Sleep­ing aid

Bed­time Dig­i­tal plucks an­other dreamy game from the imag­i­na­tion


Bed­time Dig­i­tal plucks an­other game from the imag­i­na­tion

Fig­ment’s beau­ti­ful hand-painted art­work clothes what developer Bed­time Dig­i­tal Games de­scribes as a “mu­si­cal ac­tion-ad­ven­ture”. Like the stu­dio’s pre­vi­ous game, Back To Bed, Fig­ment’s world is a dream­scape man­i­fested by the sub­con­scious, and com­bines a whim­si­cal art style with a story that touches on darker themes – in this case, trauma, dis­ease and death. Crea­tures within it rep­re­sent the voices you might hear in your head as well as emo­tions, and pro­tag­o­nist Dusty is the mind’s courage. This wooden-sword-wield­ing, fear­less grump must fight off a number of night­mar­ish – but vo­cally tal­ented – crea­tures who sing while they go about cor­rupt­ing the place.

“It was a clear goal for us from the start to build a con­nected world for the player to ad­ven­ture through, a world that also ex­isted be­fore the game starts with depth and de­tails to ex­plore and dis­cover dur­ing game­play,” lead game de­signer Jonas Byrre­sen tells us. “This also led us to a huge fo­cus on music, since music can help set the mood and thereby cre­ate depth in the game world. Where it re­ally shines, though, is when nar­ra­tive and game­play is tied into the music – such as when ob­jects change the music when you’re near them. As a re­sult, puz­zles and en­e­mies are tied to the beat of the music, and the main vil­lains ac­tu­ally sing.”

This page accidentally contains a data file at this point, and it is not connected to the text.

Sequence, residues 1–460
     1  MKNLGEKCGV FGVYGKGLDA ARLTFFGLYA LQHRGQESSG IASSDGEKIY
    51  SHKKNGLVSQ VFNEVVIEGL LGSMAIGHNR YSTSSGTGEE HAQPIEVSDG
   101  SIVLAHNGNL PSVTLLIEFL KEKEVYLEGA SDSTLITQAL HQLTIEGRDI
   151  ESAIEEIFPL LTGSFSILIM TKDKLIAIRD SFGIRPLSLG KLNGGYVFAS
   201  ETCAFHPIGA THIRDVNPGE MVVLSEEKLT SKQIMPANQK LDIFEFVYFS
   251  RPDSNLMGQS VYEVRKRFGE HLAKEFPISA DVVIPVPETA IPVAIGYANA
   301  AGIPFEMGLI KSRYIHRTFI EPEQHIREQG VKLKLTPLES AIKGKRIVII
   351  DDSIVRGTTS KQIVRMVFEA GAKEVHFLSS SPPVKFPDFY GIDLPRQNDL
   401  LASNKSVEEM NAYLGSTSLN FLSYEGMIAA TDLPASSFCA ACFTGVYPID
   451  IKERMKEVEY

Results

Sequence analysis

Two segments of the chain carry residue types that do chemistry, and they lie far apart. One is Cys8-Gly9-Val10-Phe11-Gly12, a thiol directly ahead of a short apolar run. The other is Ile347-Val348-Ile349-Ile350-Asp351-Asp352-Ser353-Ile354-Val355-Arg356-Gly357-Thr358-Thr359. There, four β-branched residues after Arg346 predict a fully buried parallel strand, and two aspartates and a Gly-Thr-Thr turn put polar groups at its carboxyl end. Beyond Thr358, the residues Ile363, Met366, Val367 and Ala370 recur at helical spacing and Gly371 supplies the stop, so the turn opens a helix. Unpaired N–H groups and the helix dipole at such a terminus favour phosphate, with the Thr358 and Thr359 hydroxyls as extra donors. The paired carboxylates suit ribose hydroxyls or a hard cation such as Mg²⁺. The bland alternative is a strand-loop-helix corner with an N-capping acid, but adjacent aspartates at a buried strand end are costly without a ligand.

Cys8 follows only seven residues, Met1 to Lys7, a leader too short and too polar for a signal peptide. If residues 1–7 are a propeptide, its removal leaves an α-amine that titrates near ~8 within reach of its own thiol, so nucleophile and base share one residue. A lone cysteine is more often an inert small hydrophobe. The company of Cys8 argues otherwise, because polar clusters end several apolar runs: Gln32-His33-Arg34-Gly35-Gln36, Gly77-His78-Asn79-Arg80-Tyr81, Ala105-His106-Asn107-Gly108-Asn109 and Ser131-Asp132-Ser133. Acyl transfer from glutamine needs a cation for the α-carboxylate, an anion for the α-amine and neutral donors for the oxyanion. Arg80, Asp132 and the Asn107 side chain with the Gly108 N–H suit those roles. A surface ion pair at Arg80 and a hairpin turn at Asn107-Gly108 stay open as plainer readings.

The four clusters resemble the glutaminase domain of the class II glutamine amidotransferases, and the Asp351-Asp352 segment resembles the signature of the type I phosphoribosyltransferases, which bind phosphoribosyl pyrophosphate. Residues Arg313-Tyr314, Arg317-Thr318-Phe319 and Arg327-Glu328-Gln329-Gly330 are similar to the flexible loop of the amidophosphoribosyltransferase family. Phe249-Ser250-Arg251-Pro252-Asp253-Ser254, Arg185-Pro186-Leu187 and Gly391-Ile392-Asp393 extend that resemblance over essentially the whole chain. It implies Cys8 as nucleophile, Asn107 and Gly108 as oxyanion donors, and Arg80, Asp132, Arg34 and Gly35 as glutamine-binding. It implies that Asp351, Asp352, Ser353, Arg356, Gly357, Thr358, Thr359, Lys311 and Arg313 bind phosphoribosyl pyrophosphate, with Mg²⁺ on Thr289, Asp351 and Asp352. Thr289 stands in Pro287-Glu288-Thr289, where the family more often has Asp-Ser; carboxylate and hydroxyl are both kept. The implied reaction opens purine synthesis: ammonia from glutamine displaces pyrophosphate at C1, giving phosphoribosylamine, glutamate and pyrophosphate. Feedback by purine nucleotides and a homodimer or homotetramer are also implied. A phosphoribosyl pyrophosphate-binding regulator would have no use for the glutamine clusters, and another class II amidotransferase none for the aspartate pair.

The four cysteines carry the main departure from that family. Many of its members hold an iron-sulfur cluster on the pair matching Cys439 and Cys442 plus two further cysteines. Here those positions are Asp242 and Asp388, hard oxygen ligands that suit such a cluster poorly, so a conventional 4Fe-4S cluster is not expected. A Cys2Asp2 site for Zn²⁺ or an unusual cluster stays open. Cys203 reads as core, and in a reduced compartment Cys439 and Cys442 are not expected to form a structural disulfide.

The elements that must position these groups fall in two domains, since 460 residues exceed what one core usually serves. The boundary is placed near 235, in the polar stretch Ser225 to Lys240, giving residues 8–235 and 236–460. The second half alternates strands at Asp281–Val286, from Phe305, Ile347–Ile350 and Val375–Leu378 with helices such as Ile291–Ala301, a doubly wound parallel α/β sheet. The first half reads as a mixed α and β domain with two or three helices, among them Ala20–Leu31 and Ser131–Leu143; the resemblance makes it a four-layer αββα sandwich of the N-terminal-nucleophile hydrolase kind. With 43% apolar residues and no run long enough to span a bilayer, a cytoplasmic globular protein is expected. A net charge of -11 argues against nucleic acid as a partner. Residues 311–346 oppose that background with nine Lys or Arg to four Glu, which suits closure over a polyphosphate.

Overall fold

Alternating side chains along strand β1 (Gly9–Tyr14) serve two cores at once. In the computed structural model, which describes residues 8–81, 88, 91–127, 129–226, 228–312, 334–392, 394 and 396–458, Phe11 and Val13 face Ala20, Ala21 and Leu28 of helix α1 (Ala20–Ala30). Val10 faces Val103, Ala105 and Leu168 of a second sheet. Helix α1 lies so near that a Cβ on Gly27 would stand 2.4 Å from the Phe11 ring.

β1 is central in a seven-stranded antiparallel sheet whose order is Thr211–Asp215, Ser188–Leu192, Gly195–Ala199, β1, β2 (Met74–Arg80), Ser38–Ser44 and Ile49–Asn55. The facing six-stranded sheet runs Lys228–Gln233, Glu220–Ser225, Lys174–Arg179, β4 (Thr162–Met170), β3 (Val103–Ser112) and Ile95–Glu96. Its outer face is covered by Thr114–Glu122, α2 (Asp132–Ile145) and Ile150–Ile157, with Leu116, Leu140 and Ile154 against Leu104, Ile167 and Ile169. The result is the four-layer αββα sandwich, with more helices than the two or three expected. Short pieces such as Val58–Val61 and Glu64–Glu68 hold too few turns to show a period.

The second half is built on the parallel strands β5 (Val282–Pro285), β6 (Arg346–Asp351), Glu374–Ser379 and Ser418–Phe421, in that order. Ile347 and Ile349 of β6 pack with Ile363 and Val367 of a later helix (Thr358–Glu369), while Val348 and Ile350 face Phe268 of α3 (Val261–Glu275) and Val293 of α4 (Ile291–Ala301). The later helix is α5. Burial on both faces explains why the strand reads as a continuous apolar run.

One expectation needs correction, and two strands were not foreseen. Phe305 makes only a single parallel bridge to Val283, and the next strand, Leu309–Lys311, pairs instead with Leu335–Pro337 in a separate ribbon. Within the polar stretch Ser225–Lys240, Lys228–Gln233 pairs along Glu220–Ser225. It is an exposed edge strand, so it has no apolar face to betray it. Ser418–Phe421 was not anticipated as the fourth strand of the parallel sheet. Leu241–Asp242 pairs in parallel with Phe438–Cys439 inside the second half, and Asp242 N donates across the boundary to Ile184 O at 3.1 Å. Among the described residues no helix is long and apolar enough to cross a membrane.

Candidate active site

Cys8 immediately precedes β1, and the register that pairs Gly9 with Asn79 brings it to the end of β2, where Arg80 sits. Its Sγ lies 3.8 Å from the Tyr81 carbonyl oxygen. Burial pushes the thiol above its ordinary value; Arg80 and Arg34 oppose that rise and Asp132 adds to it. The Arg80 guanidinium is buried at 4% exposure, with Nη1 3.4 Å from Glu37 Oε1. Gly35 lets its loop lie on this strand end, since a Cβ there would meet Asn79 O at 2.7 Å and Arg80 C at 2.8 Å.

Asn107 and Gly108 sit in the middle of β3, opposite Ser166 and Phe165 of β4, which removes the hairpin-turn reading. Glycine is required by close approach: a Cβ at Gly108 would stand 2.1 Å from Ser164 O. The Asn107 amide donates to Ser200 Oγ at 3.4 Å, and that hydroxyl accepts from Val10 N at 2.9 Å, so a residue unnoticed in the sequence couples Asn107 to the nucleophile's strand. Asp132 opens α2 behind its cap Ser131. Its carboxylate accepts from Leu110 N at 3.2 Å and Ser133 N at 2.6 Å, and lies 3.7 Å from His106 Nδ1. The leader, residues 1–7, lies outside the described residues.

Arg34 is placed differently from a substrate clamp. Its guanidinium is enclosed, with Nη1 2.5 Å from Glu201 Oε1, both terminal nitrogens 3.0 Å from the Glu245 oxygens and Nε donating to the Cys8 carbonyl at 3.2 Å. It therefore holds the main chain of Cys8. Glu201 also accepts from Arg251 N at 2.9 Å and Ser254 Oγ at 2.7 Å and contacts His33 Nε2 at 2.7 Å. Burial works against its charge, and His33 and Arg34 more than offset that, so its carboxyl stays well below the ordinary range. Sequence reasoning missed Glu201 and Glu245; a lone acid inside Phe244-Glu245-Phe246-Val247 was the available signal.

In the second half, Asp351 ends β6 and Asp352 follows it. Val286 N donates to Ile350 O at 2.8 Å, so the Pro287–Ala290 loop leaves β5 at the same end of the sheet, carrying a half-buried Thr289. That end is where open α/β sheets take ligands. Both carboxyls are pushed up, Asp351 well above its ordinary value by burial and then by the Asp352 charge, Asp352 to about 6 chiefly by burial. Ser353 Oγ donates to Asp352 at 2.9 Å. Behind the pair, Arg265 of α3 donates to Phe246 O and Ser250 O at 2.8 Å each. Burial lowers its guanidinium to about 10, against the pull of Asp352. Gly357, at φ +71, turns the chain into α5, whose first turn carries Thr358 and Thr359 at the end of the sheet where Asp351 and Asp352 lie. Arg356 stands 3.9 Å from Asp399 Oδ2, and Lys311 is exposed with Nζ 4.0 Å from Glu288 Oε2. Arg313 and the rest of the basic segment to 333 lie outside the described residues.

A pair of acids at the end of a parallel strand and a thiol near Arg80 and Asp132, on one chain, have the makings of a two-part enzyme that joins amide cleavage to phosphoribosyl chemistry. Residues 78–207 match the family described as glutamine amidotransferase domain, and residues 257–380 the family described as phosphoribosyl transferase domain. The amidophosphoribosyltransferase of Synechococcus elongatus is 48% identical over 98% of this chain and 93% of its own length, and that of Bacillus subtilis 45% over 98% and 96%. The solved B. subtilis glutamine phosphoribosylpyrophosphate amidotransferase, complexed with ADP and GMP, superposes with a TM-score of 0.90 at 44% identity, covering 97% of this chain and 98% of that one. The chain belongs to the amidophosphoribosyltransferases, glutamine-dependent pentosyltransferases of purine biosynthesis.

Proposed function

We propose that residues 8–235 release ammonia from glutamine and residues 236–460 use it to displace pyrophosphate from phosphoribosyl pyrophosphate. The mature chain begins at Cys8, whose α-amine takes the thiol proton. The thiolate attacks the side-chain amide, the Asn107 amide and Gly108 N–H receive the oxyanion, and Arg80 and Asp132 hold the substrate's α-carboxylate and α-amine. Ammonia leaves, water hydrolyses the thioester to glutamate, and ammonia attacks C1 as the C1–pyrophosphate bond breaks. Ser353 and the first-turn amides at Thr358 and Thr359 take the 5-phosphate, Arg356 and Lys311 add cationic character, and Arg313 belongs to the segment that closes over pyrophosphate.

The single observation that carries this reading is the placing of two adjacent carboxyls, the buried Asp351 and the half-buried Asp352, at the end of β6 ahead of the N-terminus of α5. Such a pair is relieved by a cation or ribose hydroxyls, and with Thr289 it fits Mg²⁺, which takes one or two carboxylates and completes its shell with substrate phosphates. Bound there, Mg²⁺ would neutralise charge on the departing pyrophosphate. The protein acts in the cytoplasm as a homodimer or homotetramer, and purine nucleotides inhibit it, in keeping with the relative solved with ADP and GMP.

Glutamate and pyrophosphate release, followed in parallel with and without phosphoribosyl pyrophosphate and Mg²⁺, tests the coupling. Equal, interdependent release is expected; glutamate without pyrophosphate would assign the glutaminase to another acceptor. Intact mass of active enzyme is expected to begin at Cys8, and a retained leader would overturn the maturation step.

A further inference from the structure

The look of the game was in­spired by a wide range of in­flu­ences, in­clud­ing Back To Bed and the work of Stu­dio Ghi­bli, and the de­ci­sion to hand-paint the world was partly down to the team’s pre­vi­ous ex­pe­ri­ence with the tech­nique.

“We wanted to utilise our artists who have all worked with ana­log art be­fore, and this al­lowed us to bring their ex­pe­ri­ence and styles from that into the dig­i­tal world,” Byrre­sen ex­plains. “But we also have a fond­ness for look­ing at a screen as if it were a pic­ture frame – what you put in that frame must be able to grab at­ten­tion and make peo­ple won­der. The hand-painted style is a great ap­proach to that.”

While no firm re­lease date has been set, Bed­time is aiming for a sum­mer re­lease.

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